Retention Red Flags: Many Employers Missing the Warning Signs
Survey: More Than 4 in 10 Canadian Workers Consider Quitting; Executives Don't Recognize Why
Toronto - More than four in 10 (43 per cent) Canadian workers in a recent survey from global staffing firm Robert Half said they're likely to look for a new job within the next year. But employers don't seem overly concerned about turnover. Two-thirds (66 per cent) of CFOs polled said they had no retention worries.
Part of the retention challenge for executives is understanding why a good employee might want to leave. CFOs reported the number-one reason they thought good employees would resign was due to limited growth potential. However this doesn't ring true for workers, who cited inadequate salary and benefits as the top reason they would quit.
"Companies run the risk of losing strong team members if they become complacent about employee satisfaction," said Greg Scileppi, president of Robert Half, International Staffing Operations. "Managers should seek regular feedback from their teams to understand their needs, and be prepared to adapt retention strategies to suit evolving work trends and preferences."
Employees were asked, "How likely are you to look for a new job in the next 12 months?" Their responses:
*Responses do not total 100 per cent due to rounding.
View a slideshow of the full survey findings, including where companies experience the most turnover and steps they're taking to retain staff.
"Retention should be an ongoing and evident priority," added Scileppi. "Show that your company is taking steps to enhance employee happiness in an effort to keep hard-to-replace staff motivated and loyal."
Five tips to reduce turnover:
1.) Gauge job satisfaction. Don't presume all is well. Ask people what they think about their work, such as how interesting or challenging they find it. Regular one-on-one meetings are effective, but for brutally honest feedback, such as worker happiness with management, consider conducting an anonymous survey.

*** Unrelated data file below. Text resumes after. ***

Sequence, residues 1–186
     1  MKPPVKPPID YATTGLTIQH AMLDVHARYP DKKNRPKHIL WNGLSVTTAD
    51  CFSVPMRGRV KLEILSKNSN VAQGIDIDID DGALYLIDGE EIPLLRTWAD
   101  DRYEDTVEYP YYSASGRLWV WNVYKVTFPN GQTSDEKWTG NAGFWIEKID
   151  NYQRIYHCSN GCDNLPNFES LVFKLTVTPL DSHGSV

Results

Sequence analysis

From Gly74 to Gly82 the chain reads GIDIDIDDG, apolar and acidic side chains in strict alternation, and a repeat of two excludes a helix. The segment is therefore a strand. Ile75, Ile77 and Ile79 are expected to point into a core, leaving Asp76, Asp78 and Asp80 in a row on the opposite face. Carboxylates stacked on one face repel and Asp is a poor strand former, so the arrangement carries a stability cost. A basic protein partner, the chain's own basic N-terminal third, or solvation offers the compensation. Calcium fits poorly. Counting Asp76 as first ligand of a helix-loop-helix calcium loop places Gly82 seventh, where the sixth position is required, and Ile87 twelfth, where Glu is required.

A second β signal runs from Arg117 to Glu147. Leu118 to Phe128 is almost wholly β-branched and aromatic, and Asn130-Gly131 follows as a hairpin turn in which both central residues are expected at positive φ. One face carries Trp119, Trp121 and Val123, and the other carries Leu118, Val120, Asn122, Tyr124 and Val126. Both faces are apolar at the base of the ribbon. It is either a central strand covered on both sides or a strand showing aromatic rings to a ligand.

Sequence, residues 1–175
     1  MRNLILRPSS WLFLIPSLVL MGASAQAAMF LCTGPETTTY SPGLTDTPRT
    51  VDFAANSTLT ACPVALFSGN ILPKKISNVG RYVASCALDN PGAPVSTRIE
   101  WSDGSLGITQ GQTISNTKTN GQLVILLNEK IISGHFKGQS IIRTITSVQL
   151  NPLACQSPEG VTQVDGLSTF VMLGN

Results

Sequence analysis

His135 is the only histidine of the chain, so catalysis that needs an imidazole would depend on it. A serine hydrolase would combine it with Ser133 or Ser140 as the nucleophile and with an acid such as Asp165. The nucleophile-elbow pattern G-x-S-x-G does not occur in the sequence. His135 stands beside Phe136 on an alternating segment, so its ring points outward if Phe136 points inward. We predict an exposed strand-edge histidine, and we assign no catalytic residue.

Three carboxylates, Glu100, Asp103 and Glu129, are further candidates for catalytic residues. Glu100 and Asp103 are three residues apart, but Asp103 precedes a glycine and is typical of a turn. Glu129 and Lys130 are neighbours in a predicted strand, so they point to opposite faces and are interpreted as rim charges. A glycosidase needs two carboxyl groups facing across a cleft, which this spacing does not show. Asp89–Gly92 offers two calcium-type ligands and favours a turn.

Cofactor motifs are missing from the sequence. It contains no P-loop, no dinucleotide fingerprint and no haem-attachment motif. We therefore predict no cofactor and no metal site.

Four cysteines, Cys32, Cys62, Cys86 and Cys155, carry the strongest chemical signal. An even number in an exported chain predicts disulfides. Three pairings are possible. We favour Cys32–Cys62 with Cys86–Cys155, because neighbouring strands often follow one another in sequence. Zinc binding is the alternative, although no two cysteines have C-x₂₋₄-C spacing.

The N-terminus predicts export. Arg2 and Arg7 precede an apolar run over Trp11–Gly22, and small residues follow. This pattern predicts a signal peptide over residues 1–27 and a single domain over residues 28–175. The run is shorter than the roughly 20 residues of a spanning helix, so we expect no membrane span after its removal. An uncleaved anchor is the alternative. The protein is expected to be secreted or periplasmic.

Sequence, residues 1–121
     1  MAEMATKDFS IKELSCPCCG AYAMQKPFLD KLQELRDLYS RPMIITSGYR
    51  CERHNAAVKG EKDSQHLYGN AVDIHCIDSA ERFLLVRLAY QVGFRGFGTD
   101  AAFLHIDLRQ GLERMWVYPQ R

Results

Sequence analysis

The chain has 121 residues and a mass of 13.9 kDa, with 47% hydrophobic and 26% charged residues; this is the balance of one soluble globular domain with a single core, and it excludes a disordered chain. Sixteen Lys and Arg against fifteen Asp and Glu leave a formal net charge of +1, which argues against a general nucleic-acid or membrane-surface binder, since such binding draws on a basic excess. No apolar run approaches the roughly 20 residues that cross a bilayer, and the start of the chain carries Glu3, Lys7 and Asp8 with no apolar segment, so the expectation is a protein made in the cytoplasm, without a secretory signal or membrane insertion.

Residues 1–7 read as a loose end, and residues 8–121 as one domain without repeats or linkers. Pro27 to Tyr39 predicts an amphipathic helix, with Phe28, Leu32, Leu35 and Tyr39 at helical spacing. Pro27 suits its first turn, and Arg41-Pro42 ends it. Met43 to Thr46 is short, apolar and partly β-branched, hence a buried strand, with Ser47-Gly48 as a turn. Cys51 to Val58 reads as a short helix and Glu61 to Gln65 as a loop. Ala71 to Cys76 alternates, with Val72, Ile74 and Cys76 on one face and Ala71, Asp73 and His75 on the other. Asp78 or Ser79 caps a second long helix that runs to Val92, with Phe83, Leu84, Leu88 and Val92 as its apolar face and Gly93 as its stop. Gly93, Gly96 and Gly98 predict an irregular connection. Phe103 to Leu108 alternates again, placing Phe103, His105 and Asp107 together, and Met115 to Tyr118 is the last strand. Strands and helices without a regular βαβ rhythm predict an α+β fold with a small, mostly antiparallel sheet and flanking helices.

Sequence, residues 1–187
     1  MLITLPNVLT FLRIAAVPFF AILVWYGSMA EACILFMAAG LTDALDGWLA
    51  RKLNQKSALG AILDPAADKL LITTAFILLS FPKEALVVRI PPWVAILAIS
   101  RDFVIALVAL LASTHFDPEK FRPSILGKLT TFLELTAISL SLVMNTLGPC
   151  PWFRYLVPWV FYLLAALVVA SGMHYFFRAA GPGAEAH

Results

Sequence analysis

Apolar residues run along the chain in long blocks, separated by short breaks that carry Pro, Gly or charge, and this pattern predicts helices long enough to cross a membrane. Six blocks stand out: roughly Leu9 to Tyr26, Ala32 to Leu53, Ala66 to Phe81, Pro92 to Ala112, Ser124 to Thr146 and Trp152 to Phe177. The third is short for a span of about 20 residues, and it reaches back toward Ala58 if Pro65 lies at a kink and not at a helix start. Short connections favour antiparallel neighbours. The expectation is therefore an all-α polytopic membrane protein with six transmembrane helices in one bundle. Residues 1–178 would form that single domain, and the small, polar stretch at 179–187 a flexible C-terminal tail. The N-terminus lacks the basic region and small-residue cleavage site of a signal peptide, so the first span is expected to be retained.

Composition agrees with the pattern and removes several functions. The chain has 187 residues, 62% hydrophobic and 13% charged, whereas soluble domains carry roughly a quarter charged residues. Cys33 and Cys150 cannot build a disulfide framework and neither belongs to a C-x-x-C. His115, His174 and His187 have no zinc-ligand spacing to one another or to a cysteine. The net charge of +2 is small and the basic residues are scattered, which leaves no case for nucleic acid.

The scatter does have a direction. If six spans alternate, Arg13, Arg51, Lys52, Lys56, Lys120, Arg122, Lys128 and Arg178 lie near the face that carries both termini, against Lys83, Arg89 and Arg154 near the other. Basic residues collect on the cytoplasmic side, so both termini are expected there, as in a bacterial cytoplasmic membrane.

2.) Increase salaries. It's no secret that money talks and persuades or changes minds. If it's been some time since you've evaluated your company's compensation structure, benchmark current employee wages against sources like the Robert Half Salary Guides. Strive to offer above-average compensation for your city and industry.
3.) Leverage bonuses. These financial incentives are one way to retain highly skilled team members, especially if your company is undergoing a major change like a merger or acquisition. In addition to merit-based rewards, look for opportunities to award spot bonuses following key projects or periods of extraordinary performance.
4.) Help employees recharge. Even well-compensated staff are more likely to quit if they're continually stressed and overworked. Increase the chances of keeping staff by allowing them the freedom they crave. Think autonomy, flextime, remote work, on-site amenities and generous paid time off.
5.) Show them the way. If employees don't see an obvious path upward within the company, they'll make their own way out the door. Keep today's top performers and tomorrow's leaders motivated by having regular discussions about in-house growth prospects, as well as your company's willingness to invest in their future.